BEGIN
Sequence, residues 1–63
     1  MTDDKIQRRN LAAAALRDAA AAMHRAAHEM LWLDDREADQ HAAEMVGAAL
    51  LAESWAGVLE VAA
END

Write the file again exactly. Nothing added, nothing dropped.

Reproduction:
Sequence, residues 1–63
     1  MTDDKIQRRN LAAAALRDAA AAMHRAAHEM LWLDDREADQ HAAEMVGAAL
    51  LAESWAGVLE VAA